The main goal for blockers is to either stop or slow down the movement of the ball after it is hit by an opposing player. By placing themselves in the way of the ball, blockers can either return the ball to the other side of the net, redirect the ball to make it easier for passers or cause the hitter to make a mistake as they try to hit around.
Different teams will often have unique strategies depending on the height and skill of their players and of the opposite team. Often, a tall blocker will be matched up across the net from a tall hitter, allowing for a more even matchup between players. There can also be combinations of blockers from a single blocker to all three front row players. This way, they can change strategies based on how many players are blocking. A three-person block is more intended to stop the ball from coming over the net, while a one person block can be better used to redirect the ball to passers on the players own side.
Blockers must first start from a stable starting position. The knees should be bent with the player's weight balanced between both feet. This way, the player is able to move either direction quickly when they need to. By having the knees bent, players can more easily move position; sometimes players can get caught standing up too much, and they can't move to the ball fast enough.
Blockers also have to be aware of how close they are to the net. A blocker should start around a foot and a half to two feet away from the net in order to avoid being too close or too far away in their block. Players can measure this distance by placing their elbows at their sides and reaching out forward. Their fingers should barely reach the net. The goal for this distance is that the blocker's arms can still reach over the net, or penetrate it, while avoiding actually touching the net (a violation) and losing the point.
While getting positioned, the blocker must also watch the players on the other side of the net. By watching both the ball and the players, the blocker can tell where the ball is going, and where they will have to direct their approach in order to block. If they are not watching close enough, their approach will be delayed, and they could miss the block.
For blockers who must move in order to get to the ball, there is a typical step pattern to follow. They first take a big step with their lead leg in the direction of the ball and then take a crossover step and a small hop step to line themselves back up with the net. They can also perform a swing block, in which they use their arms to build momentum into their block. In the swing block, the first step is small, and the second is big, opposite to a regular block.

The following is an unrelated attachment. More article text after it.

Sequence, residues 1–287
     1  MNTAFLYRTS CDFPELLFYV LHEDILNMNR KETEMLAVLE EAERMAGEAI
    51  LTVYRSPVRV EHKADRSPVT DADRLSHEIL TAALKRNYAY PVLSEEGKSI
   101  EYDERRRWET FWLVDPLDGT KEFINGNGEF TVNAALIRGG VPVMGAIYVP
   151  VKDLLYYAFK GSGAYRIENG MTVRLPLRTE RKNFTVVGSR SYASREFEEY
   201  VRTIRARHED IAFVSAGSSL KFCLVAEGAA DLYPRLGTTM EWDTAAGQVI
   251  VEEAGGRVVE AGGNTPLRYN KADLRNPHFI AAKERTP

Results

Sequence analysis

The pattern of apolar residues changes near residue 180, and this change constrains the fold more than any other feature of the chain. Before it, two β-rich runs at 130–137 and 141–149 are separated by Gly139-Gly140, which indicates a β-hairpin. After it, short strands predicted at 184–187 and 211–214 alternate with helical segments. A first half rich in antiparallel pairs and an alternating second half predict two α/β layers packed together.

Blockers want to line themselves up not only in front of the ball, but also alongside their other blockers. This way, there is no gap, or seam, between the blockers. Blockers must also be careful not to get too close to each other, as they may land on one another when they land after jumping. This is called drifting, when a blocker has too much sideways momentum in their jump that they bump into another player. In order to prevent this, players must make sure they jump up after moving over, instead of jumping while they move.
In the block, players reach their arms above the net in order to line up with the hitter and the ball. Taller players may be able to reach higher over the net, but shorter players can be just as effective as long as they are able to get hands above the net and in the right position. When reaching arms over the net, or pressing, blockers lock their shoulders and create a wall with their hands and arms. Hands should be shoulder width apart and angled forward at a 45-degree angle from the wrist. The goal is not to smack the ball back, but to be a wall for it to bounce off of.
Blockers must also be aware of the angle at which they are facing the ball. If their arms are facing away from the middle of the court, they may block the ball out of bounds, or the hitter may be able to hit it off of them and out of bounds on their own side. This is called tooling.
Outside blockers are on the left side of the court. They will block on that side and often come into the middle to block a middle hitter. Outside blockers often have to move their blocks over because many opposite hitters are left-handed.
Middle blockers are in the middle of the court and will block the middle, the left side, and the right side. They are the blockers that move the most in the front row. They have to be extra careful not to drift in their approaches as they often move the farthest.
Opposite blockers are on the right side of the court. They block the outside hitter on the other side. This hitter is most commonly set, so this blocker has to have stamina and the ability to block multiple times in a rally. This is also the position that many setters fill, so a setter may have to take on the role of this blocker when they are in the front row.
There are a few rules that blockers must keep in mind as they go up to the net.
First, they are not allowed to touch the net. Referees are looking for any contact or movement of the net. In college and professional volleyball, coaches can protest a point or a call and the ref must look back at the play in slow motion to determine if the net has been touched or not.
Second, the blockers are not allowed to step over the line underneath the net. If their foot crosses the line, they are putting the other team in danger of stepping on it and falling or injuring themselves.
Blockers must also be aware of where the ball is on the other side of the court. If the ball is not on its way to their side of the net, blockers are not allowed to interfere with the ball. This way, the other team gets a fair opportunity to send the ball over the net without a tall player reaching over and interfering. All of these rules, if broken, mean a point goes to the other team, and the serve goes to them as well.